An Cailín Rua
Anne Marie Flynn
‘The most effective way to destroy people is to deny and obliterate their own understanding of their “history”. A quote attributed to George Orwell, and one that will resonate throughout the world today and perhaps, now, in Ireland too.
The removal of history as a compulsory subject in the Irish school curriculum is an interesting, and retrograde development. We are only the third country in the world to remove history from our core subject curriculum, the others being the UK and Albania. It is difficult to fathom how allowing students to leave secondary education with no meaningful understanding of either the events that shaped our state, identity and culture, or those that have shaped the wider world in which they are now expected to find their way, can possibly be a good thing.
In our own personal lives, we learn from experience; often from poor decisions we might have made. We emerge wiser, shrewder and avoid such errors again. Does this logic not follow through to the macro picture? As a society, as we trundle slowly on, is it not pertinent to assume that we might learn from decisions made in the past, and that they may guide us on our future path? And at the most basic anthropological level, is it not a desirable thing to be aware of the journey of our ancestors?
My feeling is that this step does not represent ‘flexibility’ or ‘choice’ for students, as the PR suggests. I fear that this downgrading of the importance of history in the school curriculum may instead make it become more difficult for students to choose it as a subject. Think timetable clashes and subject choices, particularly in public schools. Will the studying of history become regarded as a luxury; a pursuit more easily facilitated among the elites of society? If this happens, then we are really in trouble.
It is not unreasonable to wonder whether there is a more sinister motivation for devaluing our own history. Inevitably, aspects of our own history will not please us. While in bygone days, our experience at the hands of our closest neighbours may have been in many ways a negative one that was inflicted upon us, our dysfunctional relationship with the Catholic Church and the institutional abuse inflicted on women and children was of our own doing.
The learnings from this should ensure that such things never happen again. Perhaps those in power might look at our current system of Direct Provision and take cognisance of the mistakes made in the past. Or perhaps they would prefer to attempt to quietly, gradually erase these mistakes from the public consciousness?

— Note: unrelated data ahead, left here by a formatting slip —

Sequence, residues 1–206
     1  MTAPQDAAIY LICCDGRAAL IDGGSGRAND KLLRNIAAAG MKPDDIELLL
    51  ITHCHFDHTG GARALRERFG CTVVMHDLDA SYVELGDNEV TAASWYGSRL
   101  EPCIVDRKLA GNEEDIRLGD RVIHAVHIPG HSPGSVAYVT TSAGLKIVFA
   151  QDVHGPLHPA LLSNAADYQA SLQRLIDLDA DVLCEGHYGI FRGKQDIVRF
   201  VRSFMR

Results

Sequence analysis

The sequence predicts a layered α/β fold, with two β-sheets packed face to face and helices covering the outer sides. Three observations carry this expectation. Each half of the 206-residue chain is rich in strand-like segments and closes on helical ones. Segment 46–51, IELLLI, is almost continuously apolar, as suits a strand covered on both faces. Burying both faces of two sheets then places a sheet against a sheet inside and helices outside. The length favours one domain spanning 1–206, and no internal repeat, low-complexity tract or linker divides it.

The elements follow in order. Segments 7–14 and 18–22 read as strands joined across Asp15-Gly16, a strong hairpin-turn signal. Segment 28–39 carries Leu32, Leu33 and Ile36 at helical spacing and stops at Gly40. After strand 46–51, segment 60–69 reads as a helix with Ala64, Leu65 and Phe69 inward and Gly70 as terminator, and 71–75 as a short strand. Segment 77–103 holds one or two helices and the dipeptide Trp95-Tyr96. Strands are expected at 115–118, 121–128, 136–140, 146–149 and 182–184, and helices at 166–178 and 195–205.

It is not hard therefore to see how the demotion of history as a subject poses a threat to cultural and political life. Indeed, it is interesting that the current political situation in the US coincides with a period where levels of historical awareness have been shown to be remarkably low.
Similarly, the erasure of our own built heritage is another problem on many levels. How many beautiful buildings of historical, architectural and cultural significance have been razed to make way for soulless shopping centres and apartment blocks, in the name of progress, development? Naturally, decisions need to be made based on the balance of needs, particularly in rural areas where sadly, economic necessities sometimes force our hands. But where possible, every effort should be made to preserve our built heritage.
Last year, I had the pleasure of working with a number of community groups and businesses along the north Mayo coast in a project designed to showcase our ‘tangible cultural assets’. When collated, the evidence of the sheer wealth of built history on our doorsteps was astounding. It is what our visitors yearn to learn about, to get under the skin of our heritage and culture.
Ireland’s heritage is part of what we are, and it includes everything from the Neolithic fields of the first farmers at Céide to the Georgian streets of Ballina, and all between.
Orwell also said: ‘The past was erased, the erasure was forgotten, the lie became the truth’. We must ensure that we retain ownership over our truth, whatever it takes.
An Cailín Rua